Tuesday, December 13, 2005

Film as a Subversive Art

I've just started reading a book I bought about a month ago entitled Film as a Subversive Art by Amos Vogel or, as I like to refer to it, The Bible by Amos Vogel. I'm a little pissed off that no one has ever mentioned this book to me and I had to find it on a shelf at a bookstore all on my own, but then, I'm pretty excited that I just found it all on my own. This is one of those discoveries you make once every two years or so, where you're sure it's going to have changed your entire life the moment you finish it. That is, unless you're a hopeless curmudgeon, unable to change. It's basically a compendium of movies sectioned out by themes pertaining to modern artistic movements. The only problem is that finding these damned things is a challenge in itself.

But here's a quote from Ionesco that's in the book that makes me pump my fist like a masturbating quarterback after winning the big game:

"I have never been able to understand the difference that is made between the comic and the tragic. As the comic is the intuition of the absurd, it seems to me more conducive to despair than the tragic. The comic offers no way out. I say 'conducive to despair,' but in reality it is beyond despair or hope... Humor makes us conscious with a free lucidity of the tragic or desultory condition of man... Laughter alone does not respect any taboo; the comic alone is capable of giving us the strength to bear the tragedy of existence."


Redphi5h said...

Freud might be said to have voiced a similar opinion--that the joke is a saving--or in other words, the difficulty associated with thinking about the specific details of a painful circumstance are distilled into the feeling of mirth. However, I don't think life could be said to be inherently tragic as your fellow seems to. And there is another type of comedy and laughter--one that springs from joy, or in other words, one that isn't an escape.

Out of interest, are you familiar with Deleuze's Cinema (2 vols.)?

David Wester said...

I've lately been thinking that all humor is somehow derived of the juxaposition between life and death, and we laugh when things get close to death but emerge living. Maybe the other way around too... this may be why I find abortion to be absolutely hysterical. I haven't really ironed out that theory though, so I'm sure I'm being far too reductive.

As to Deleuze's Cinema, no I am not but I am piqued. Tell me more.

Redphi5h said...

Well, I'm pro-choice, but I think abortion is sad--perhaps you find it so sad and horrifying you must replace thinking about it with mirth.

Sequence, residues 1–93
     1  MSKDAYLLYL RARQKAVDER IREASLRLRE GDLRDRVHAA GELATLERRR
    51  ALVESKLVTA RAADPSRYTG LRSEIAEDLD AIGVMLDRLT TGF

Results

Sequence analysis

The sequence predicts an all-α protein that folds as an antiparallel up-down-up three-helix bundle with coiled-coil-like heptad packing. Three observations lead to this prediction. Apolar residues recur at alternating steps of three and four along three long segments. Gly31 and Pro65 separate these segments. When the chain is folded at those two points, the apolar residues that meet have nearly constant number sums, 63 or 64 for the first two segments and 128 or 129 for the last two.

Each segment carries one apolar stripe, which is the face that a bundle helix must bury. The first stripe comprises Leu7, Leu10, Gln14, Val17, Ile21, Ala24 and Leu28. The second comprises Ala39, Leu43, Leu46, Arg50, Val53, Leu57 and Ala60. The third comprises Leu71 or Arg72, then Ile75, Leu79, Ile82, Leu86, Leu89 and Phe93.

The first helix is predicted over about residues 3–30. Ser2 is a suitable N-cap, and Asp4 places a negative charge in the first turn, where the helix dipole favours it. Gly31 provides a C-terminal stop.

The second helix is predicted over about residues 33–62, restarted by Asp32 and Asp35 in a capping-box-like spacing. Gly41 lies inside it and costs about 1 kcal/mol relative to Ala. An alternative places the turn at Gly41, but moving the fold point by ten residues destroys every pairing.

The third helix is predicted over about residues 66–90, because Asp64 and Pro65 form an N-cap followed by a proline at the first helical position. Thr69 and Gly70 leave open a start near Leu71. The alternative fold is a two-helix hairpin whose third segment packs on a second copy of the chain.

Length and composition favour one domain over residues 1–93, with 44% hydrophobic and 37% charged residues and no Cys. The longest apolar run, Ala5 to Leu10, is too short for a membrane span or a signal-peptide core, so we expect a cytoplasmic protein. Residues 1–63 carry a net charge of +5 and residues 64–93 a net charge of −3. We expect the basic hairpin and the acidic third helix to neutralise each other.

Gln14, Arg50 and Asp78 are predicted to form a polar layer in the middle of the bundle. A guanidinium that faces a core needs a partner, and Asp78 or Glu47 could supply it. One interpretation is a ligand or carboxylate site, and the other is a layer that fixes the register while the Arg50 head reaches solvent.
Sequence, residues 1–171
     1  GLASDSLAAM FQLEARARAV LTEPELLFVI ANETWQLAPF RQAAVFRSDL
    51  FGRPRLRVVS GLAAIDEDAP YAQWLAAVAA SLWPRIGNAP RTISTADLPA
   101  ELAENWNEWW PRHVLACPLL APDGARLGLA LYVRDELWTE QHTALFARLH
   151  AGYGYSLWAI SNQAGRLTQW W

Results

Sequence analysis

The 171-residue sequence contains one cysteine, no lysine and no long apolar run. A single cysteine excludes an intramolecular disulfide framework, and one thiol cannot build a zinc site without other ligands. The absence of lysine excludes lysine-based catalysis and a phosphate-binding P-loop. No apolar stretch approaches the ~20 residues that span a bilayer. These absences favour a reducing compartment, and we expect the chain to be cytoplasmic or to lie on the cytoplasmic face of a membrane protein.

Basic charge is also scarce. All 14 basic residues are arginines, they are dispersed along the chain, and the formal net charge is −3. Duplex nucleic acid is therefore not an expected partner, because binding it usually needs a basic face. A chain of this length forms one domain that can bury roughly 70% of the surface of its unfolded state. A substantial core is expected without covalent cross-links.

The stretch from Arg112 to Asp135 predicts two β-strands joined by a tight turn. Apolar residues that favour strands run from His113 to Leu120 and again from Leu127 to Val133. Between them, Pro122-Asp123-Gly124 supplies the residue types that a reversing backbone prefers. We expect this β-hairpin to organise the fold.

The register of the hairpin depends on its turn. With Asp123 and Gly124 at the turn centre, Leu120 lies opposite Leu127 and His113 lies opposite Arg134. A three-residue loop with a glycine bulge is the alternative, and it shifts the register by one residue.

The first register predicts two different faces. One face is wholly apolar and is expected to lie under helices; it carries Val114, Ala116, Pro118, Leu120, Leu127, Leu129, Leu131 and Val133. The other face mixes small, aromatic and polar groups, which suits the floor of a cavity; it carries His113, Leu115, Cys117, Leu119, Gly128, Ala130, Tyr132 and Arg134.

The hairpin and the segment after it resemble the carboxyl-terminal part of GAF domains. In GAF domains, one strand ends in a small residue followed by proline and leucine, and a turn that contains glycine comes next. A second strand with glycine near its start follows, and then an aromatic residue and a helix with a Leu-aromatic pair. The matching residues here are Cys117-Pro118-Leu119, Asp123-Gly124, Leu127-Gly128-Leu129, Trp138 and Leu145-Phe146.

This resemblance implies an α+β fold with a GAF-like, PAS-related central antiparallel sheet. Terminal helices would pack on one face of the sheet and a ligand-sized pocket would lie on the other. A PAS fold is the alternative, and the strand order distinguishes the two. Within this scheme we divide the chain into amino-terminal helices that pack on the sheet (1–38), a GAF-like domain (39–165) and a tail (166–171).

Deleuze was a philosopher of many ideas, but his books on cinema are essentially about how the technology of the image constitutes an experience, and what this capacity to create an experience says about the human experience itself, informed and some would say shaped, as it is, by ideology.

Are you familiar with Slavoj Zizek's 'Everything You Always Wanted to Know about Lacan (But Were Afraid to Ask Hitchcock?)'? I'm not a fan of Lacan's structuralism insofar as it might have applications in real life, however, taken as a bit of fun, I think this book's a winner. Particularly the reading of Hitchcock's Rear Window.

zora said...
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zora said...

i can tell you that abortion is very very sad, but if you want and/or need to live okay with it, you better learn to laugh about it.

same goes for death, i think.
and just about everything else that is connected to being a human being.

David Wester said...

I don't feel abortion is an inherently sad act and, for that matter, that birth is inherently joyous. I think both things are neutral and the feelings one associates with them are entirely relative to the individual. But then, the insistence that babies are automatically a good thing confuses me more than just about anything in the world. I can see why people feel this way, but I disagree.

Oops, my misanthropy's showing.

zora said...

i certainly agree that not every birth is joyous, but i figure most circumstances that ultimately lead to an abortion are in some way un-happy (rape, illness, the lack of means to offer the unborn a good life, etc.). so i wonder if you could find a woman who does not connect her abortion to some kind of sadness.
but then, i'm aware that this doesn't proof anything...
and i don't think you should mistake realism for misanthropy.